Wednesday, May 4, 2016

WARB Memories

When I first moved to Covington in 1968, the entire area would tune to the local AM radio station WARB for the morning "School Calls" and "Swap Shop." The school time reminders helped parents and children know when it was time to leave for school, and the Swap Shop was an early Craigslist type of sale/barter exchange, with happy birthdays thrown in from time to time. 



The rest of the day featured country music, local news and ads. The station was well-liked and appreciated, especially for its on-site remote broadcasts of special events and parades.



I recall that Station Manager Rick Webb emceed the Parish Fair Baby Contests and Beauty Pageants each year, and for the last several years he was a mainstay at the Covington Farmers Market selling his jams and jellies.



Rick Webb

The article I wrote about WARB and its on-air personalities during the 1970's is located below. Just click on the image to enlarge it to a readable size.






Tours of the station would be given to groups of children. The window above the control panel gave a view into the soundproof studio where interviews would be conducted, along with Sunday morning church programming.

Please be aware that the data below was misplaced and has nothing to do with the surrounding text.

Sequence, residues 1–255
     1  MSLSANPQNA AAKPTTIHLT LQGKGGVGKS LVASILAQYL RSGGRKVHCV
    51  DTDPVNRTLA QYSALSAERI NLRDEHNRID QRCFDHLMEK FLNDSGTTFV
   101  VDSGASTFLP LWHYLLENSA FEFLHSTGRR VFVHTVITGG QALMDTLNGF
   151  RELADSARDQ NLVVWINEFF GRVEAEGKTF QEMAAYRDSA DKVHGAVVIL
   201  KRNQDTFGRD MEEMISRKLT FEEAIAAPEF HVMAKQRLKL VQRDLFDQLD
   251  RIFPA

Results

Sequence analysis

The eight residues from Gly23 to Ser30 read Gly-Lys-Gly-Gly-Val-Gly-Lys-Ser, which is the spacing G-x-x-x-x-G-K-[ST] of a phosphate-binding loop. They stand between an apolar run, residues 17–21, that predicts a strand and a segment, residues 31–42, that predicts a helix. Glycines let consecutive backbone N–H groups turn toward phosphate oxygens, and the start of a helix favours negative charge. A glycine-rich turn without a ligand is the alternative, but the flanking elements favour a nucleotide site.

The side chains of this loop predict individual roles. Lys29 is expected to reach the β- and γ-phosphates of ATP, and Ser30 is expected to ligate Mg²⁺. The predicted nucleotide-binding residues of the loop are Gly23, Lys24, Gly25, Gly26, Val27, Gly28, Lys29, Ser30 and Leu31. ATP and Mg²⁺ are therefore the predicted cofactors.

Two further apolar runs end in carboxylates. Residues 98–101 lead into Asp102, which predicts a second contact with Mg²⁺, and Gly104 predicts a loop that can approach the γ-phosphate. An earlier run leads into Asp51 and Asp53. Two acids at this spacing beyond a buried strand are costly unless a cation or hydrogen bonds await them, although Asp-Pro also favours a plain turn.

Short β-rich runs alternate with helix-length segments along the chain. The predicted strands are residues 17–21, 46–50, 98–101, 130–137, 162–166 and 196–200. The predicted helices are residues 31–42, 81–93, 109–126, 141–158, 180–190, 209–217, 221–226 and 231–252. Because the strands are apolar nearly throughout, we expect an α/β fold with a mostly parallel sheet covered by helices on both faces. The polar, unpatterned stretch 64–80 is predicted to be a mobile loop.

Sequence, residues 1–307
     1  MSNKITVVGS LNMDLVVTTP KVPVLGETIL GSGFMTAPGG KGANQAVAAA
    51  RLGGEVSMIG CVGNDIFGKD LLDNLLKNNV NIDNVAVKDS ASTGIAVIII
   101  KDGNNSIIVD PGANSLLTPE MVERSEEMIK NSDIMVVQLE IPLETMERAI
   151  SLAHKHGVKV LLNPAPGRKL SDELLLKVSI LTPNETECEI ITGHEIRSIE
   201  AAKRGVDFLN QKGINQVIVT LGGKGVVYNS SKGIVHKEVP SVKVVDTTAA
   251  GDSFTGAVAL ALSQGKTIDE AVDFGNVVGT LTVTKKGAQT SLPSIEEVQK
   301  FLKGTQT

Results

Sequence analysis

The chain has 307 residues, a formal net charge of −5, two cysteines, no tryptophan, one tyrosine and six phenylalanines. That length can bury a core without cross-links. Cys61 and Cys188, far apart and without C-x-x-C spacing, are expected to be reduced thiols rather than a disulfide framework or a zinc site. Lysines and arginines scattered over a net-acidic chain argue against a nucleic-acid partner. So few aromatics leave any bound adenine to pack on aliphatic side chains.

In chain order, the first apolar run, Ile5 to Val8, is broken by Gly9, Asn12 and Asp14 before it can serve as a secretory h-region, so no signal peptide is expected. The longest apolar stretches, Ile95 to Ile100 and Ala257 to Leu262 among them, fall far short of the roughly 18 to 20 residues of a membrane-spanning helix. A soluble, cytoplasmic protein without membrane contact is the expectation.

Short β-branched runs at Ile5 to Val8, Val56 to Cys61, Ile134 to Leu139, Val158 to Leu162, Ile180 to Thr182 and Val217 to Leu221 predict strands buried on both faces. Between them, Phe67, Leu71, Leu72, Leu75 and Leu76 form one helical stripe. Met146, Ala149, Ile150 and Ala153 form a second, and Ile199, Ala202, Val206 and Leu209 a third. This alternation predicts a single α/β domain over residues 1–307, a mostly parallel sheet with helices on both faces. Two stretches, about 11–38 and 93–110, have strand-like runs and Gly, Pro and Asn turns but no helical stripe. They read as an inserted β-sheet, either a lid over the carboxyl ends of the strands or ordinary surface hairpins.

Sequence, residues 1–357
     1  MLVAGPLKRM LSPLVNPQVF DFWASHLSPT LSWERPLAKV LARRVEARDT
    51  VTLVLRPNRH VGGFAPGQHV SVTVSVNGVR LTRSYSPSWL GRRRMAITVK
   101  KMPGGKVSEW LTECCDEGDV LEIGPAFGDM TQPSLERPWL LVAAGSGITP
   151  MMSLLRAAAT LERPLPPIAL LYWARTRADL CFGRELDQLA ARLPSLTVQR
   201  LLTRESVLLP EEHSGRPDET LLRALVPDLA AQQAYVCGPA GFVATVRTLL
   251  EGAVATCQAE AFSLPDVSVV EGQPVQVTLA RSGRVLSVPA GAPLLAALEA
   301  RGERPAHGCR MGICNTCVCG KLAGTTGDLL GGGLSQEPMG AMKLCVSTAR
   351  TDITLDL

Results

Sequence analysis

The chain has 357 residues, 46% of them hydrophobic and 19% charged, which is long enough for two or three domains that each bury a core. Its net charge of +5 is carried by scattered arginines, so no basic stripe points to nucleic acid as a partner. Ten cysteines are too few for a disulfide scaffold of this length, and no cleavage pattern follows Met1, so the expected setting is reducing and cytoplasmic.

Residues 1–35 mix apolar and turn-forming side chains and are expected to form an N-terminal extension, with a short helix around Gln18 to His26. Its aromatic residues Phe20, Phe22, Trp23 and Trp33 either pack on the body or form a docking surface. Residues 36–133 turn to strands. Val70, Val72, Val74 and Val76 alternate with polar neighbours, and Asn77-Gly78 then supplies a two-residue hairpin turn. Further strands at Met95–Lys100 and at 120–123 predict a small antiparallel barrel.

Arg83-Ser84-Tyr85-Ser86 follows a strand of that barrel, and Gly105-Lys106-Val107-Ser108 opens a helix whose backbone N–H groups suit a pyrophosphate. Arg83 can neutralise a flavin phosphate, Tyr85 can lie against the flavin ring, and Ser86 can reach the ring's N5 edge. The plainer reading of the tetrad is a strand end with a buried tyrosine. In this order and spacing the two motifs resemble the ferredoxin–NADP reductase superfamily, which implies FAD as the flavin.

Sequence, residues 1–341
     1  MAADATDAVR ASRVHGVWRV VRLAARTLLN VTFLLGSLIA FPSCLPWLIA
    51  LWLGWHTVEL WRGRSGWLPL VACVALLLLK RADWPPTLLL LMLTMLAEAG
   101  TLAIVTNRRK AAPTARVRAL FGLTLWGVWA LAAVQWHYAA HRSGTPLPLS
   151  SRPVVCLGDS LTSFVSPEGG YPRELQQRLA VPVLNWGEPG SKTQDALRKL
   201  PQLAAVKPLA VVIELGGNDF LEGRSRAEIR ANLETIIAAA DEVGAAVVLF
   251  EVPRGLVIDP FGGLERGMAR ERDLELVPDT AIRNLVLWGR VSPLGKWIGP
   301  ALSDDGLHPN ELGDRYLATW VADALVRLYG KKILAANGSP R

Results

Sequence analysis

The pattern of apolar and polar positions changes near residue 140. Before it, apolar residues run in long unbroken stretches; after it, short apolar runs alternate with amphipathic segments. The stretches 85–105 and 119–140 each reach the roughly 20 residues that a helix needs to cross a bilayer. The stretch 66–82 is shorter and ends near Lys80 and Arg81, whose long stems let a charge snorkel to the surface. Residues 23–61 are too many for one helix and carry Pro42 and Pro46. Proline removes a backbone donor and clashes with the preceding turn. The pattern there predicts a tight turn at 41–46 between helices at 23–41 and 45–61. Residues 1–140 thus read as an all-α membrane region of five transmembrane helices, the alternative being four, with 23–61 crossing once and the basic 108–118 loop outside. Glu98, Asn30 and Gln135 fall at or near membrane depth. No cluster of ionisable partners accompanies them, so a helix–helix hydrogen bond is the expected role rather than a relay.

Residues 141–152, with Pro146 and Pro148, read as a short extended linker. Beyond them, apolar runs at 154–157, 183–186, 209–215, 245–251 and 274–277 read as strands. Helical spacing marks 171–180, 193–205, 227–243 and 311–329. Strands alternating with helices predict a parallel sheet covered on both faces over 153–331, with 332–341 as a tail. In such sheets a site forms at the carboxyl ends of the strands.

The turntables and cart racks, with Dick Bradley at the control board




Don K. Phillips Jr.


St. Tammany Parish celebrated the American Bicentennial in 1976 with parades, ceremonies, and fireworks. 

To listen to a WARB radio broadcast of the festivities, CLICK ON THIS LINK for a YouTube audio file. The event was accompanied by several re-enactments with actors in costumes. Among the voices heard on the recording above are Rick Webb, Bill Stubbs, Pat Clanton, Rev. Baxter Pond, and Dorothy Kehoe.


For a year or two I had a daily recorded interview show on WARB. Each week, I enjoyed visiting with artists, business people, politicians, and many others to hear their personal stories, their hopes and their community concerns. Once while I was broadcasting the parish fair parade through downtown Covington, I forgot how loud high school bands were. The radio listeners didn't hear much other than the rousing music on its way to the fairgrounds. 

One of the people I interviewed was Al Albert, a Covington printer who also had a big band orchestra. CLICK HERE to hear that interview. 

WARB had a remote broadcasting booth in the Bogue Falaya Mall called "The MusicCube." Below is a photograph of that remote broadcasting booth.




The main studio was located on U.S. 190 west of Covington High School, across from the entrance to Willow Drive into River Forest Subdivision. CLICK THIS LINK to go to the Google Maps location. 


Dave Blossman was one of the owners of WARB. 


Click on the article above to see a larger, more readable version. 


See also: Rick Webb